SAN FRANCISCO (Legal Newsline) – A federal judge will consider a motion to dismiss a class action lawsuit against Abbott Laboratories on Aug. 24 in San Francisco.

Two consumers claim in their suit that Abbott made false claims regarding the contents of its Similac Advance Non-GMO infant formula.

In their suit, Crystal Kao of San Francisco and Nina Barwick of Nashville, Tennessee, accused Abbott of breach of implied warranty, breach of warranty, fraud, negligence and negligent misrepresentation.

Kao and Barwick alleged in their complaint that Similac contained genetically modified organisms and the plaintiffs also allege that Abbott failed to disclose to consumers that its product contains GMOs.

The defendant’s attorney, Elizabeth Deeley of Kirkland & Ellis in San Francisco, wrote in the dismissal motion, "their state law claims are expressly preempted by the National Bioengineered Food Disclosure Standard and their Magnuson-Moss Warranty claim fails as a matter of law because it is well settled that a product description is not a warranty under the MMWA."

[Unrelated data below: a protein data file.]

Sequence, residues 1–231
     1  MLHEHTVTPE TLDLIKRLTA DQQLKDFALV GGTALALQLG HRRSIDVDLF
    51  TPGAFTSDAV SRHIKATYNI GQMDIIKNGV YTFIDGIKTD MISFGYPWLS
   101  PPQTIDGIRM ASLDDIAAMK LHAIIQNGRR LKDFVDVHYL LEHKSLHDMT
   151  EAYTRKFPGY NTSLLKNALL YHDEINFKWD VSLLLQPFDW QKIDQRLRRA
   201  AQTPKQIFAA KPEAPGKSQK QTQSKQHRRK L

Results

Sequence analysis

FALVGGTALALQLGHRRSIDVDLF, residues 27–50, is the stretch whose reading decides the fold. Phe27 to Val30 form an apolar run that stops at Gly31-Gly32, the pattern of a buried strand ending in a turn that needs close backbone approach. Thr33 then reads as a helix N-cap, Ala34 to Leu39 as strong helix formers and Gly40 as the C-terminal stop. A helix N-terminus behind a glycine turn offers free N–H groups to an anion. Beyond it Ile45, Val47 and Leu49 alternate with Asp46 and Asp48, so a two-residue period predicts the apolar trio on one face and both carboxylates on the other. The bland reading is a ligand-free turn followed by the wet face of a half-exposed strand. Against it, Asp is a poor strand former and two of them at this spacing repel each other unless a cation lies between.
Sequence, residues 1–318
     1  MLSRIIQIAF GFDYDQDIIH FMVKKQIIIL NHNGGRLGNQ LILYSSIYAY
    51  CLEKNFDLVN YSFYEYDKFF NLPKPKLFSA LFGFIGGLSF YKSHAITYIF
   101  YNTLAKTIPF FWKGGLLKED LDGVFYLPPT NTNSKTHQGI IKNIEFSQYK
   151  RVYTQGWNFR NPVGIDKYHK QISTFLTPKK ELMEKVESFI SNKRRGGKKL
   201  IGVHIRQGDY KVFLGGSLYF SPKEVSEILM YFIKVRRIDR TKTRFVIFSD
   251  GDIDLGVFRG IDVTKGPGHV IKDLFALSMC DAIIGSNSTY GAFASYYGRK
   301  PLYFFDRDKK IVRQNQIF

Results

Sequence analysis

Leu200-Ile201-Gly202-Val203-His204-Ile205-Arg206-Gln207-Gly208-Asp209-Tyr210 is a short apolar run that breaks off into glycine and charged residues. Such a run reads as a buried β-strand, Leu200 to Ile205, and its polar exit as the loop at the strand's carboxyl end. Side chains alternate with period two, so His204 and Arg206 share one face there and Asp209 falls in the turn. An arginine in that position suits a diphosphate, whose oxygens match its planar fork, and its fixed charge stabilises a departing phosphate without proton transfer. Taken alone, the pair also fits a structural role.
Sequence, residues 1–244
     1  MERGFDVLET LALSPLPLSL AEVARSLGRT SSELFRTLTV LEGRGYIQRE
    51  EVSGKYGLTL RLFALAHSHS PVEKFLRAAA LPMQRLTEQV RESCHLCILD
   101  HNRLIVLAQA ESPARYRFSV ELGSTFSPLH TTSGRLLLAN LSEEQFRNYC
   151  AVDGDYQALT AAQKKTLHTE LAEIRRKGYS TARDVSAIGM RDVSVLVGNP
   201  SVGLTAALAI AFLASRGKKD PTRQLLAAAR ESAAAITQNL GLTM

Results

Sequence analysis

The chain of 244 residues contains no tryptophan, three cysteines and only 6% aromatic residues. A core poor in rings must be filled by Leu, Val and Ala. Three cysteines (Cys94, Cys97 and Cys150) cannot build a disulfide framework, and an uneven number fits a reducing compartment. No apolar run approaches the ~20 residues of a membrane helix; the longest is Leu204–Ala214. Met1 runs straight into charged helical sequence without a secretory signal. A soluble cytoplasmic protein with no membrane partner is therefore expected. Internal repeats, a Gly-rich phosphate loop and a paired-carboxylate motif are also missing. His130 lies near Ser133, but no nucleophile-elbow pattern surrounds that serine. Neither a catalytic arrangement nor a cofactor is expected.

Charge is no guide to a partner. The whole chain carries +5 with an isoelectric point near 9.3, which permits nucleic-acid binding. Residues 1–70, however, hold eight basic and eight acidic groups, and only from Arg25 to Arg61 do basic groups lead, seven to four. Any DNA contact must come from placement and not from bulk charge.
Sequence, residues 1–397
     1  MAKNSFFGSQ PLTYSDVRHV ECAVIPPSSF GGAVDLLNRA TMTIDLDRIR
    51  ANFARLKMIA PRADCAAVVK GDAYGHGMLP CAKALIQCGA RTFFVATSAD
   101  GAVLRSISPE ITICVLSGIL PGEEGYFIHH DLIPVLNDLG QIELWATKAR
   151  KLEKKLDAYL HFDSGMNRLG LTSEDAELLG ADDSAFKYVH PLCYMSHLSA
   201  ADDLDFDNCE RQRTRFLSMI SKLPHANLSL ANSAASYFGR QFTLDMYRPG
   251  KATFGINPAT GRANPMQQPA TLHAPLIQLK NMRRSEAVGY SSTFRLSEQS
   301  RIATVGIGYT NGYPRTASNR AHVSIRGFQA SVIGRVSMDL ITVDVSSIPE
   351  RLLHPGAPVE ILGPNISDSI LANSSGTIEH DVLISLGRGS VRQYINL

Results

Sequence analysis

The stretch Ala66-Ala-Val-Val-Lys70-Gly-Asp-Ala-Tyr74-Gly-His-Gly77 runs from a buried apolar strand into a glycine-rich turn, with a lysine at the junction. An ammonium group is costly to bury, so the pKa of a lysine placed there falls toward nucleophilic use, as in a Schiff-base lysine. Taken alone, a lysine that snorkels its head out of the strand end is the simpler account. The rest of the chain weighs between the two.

Deeley wrote that if the court does not totally dismiss the defendants’ claims, it should stay these proceedings and defer to the U.S. Department of Agriculture’s congressional mandate.

Abbott Laboratories claims it worked with its suppliers to obtain ingredients that were free of GMOs and required those suppliers to commit to deliver non-genetically engineered ingredients.

The foundation of the suit began on April 3 when attorneys for Kao and Barwick wrote a letter to Abbott, challenging the label of its baby formula product and accusing the company of misrepresenting the nature of its Non-GMO formula.

Abbott responded May 1, disputing that its non-GMO Similac product contained any GMOs, and requesting that plaintiffs’ counsel identify any specific lot information and test results that supported their allegations.

Deeley wrote in the motion to dismiss that the "plaintiffs’ state law claims are preempted—they cannot regulate Abbott’s non-GMO labeling with state consumer protection laws and their state law claims must therefore be dismissed."

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